American Police 1945-2012 by Thomas A. ReppettoAmerican Police 1945-2012 by Thomas A. Reppetto

American Police 1945-2012

byThomas A. Reppetto

Paperback | September 30, 2014

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A great addition to true crime collections. Recommended."-Library JournalIn more than ten years after World War II America saw few changes to law enforcement as it had been practiced for over a century. The San Francisco riot of August 1945 announced the more violent events of the next half century. Policing methods remained unchanged until the 1953 kidnapping of Bobby Greenlease in Missouri, which shook the country and revealed severe deficiencies existing in local and federal agencies.Civil Rights and major riots tore open the 1960s. Watts, Detroit, and Newark were tragic proof of how local police departments couldn't handle the disorders engulfing those cities.The anti-war protest at the 1968 Chicago Democratic Convention plays an important part, since the author was in charge of convention security. The police department was split about its strategy on how to deal with the protestors: a major revelation of this book. The author also had a memorable encounter with Nixon's infamous Attorney General John Mitchell.The decades of the 1970s and 80s provide the lowest points in modern American law enforcement, combined with times of economic uncertainty and political crisis. Only with the emergence of "zero tolerance" initiated by NY Police Commissioner William Bratton and Mayor Rudy Giuliani did the law enforcement picture show a marked improvement. That example was followed by the entire country with mixed results. 9/11 brutally changed the landscape with the new focus on counterterror that dominated big city police departments and the appearance of Homeland Security. "A great addition to true crime collections. Recommended."-Library JournalIn more than ten years after World War II America saw few changes to law enforcement as it had been practiced for over a century. The San Francisco riot of August 1945 announced the more violent events of the next half century. Policing methods remained unchanged until the 1953 kidnapping of Bobby Greenlease in Missouri, which shook the country and revealed severe deficiencies existing in local and federal agencies.Civil Rights and major riots tore open the 1960s. Watts, Detroit, and Newark were tragic proof of how local police departments couldn't handle the disorders engulfing those cities.The anti-war protest at the 1968 Chicago Democratic Convention plays an important part, since the author was in charge of convention security. The police department was split about its strategy on how to deal with the protestors: a major revelation of this book. The author also had a memorable encounter with Nixon's infamous Attorney General John Mitchell.The decades of the 1970s and 80s provide the lowest points in modern American law enforcement, combined with times of economic uncertainty and political crisis. Only with the emergence of "zero tolerance" initiated by NY Police Commissioner William Bratton and Mayor Rudy Giuliani did the law enforcement picture show a marked improvement. That example was followed by the entire country with mixed results. 9/11 brutally changed the landscape with the new focus on counterterror that dominated big city police departments and the appearance of Homeland Security. "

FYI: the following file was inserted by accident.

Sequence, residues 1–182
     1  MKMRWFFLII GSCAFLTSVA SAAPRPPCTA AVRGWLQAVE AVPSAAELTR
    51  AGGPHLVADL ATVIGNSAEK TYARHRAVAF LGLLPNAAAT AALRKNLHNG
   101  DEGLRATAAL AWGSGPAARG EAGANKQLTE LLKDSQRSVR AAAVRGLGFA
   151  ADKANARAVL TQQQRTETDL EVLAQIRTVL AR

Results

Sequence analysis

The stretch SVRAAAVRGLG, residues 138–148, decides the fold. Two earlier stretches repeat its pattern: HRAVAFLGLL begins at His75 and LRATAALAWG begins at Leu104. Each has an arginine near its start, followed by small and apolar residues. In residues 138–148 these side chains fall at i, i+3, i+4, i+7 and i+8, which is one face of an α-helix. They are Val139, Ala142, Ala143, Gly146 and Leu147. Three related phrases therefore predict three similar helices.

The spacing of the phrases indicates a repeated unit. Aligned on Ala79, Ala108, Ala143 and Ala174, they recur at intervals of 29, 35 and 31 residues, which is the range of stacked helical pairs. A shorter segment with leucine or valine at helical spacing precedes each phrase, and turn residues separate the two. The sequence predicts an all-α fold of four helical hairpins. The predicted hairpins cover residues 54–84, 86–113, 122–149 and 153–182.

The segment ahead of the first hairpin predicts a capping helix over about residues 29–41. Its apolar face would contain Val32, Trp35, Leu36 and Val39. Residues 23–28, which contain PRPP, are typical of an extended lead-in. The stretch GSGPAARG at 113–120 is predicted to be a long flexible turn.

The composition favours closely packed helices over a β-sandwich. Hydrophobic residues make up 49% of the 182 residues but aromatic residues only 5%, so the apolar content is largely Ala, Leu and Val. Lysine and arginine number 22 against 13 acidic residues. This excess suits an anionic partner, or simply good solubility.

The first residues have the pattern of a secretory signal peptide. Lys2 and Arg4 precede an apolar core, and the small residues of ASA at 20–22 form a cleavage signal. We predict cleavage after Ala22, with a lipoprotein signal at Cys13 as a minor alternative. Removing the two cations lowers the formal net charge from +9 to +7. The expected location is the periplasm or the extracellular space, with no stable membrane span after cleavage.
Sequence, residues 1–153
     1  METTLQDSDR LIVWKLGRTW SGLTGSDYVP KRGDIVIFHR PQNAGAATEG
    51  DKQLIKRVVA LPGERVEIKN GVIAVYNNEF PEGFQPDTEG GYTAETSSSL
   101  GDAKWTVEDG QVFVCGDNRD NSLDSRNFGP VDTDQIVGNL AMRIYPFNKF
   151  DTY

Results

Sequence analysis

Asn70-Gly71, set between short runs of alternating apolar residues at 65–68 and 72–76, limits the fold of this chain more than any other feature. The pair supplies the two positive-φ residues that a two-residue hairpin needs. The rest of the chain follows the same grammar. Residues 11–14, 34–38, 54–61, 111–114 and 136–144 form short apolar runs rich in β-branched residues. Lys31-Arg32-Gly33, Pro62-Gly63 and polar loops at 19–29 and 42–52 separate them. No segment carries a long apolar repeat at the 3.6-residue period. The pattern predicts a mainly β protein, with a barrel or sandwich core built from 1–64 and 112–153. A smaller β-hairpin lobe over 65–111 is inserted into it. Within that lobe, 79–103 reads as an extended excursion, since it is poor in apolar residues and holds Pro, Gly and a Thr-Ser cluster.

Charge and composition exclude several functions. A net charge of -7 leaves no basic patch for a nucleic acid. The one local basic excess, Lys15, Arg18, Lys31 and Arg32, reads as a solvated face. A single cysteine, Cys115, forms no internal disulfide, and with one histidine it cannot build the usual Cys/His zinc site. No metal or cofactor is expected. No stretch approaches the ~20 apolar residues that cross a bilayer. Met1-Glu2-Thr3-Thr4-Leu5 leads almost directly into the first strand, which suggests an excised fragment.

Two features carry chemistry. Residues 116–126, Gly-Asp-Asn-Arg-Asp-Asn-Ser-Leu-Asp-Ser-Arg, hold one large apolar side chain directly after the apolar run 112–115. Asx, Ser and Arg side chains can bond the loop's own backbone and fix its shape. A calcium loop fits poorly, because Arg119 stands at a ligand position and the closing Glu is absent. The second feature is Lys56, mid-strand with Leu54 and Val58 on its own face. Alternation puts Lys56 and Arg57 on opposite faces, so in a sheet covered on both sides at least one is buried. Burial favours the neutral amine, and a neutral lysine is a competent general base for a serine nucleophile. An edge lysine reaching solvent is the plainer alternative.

Thomas Reppetto is a former commander of detectives in the Chicago police department, where he began his career as a beat cop. PhD in Public Administration from Harvard University. Dean of Graduate Studies at John Jay College, CUNY. Successful author of many books about crime and police history.
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Title:American Police 1945-2012Format:PaperbackDimensions:268 pages, 9 × 6 × 0.68 inPublished:September 30, 2014Publisher:Enigma BooksLanguage:English

The following ISBNs are associated with this title:

ISBN - 10:1936274671

ISBN - 13:9781936274673

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